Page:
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New ‘Smart Sensors’ Program To Collect Traffic Data

A car waits at an intersection on Convoy St. in Kearny Mesa,  Aug. 25, 2016.

Photo by Matthew Bowler

Above: A car waits at an intersection on Convoy St. in Kearny Mesa, Aug. 25, 2016.

Installation of "smart sensors" is scheduled to begin in July and be completed in the fall of 2018.

The city of San Diego Tuesday announced a major expansion of a program in which "smart sensors" are installed on street lights to gather and disseminate data on traffic, parking availability, public safety and air quality, among other things.

The city has partnered with a Boston firm Current, powered by GE, to install 3,200 of the sensors.

"Fostering innovation and improving infrastructure are important to enhancing the lives of all San Diegans," Mayor Kevin Faulconer said. "This new technology will give the city and developers the opportunity to make our neighborhoods safer and smarter."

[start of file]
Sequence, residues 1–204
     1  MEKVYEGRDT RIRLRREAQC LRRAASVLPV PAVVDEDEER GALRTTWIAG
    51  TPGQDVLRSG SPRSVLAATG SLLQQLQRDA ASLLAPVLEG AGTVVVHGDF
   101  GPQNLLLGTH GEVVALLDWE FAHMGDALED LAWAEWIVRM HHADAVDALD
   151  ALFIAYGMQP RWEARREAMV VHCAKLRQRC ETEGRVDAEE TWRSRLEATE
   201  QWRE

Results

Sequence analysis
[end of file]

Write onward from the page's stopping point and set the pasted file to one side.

San Diego officials call it the largest city-based deployment of an "Internet of Things" platform in the world. The Internet of Things refers to web connectivity in everyday items, such as appliances.

The nodes can use real-time anonymous sensor data to direct drivers to open parking spaces, help first-responders during emergencies, track carbon emissions, and identify intersections that can be improved for pedestrians and cyclists. The anonymous information from the sensors can be used by developers to create apps and software that can benefit the community, city officials said.

Installation is scheduled to begin in July and be completed in the fall of 2018.

Another 3,000 sensors could be added in the future.

Additionally, the city will be replacing 14,000 street lights with more energy-efficient versions to reduce energy costs by $2.4 million annually.

The street lights include technology that allows for dimming and brightening in public venues manually or automatically, depending on natural light conditions.

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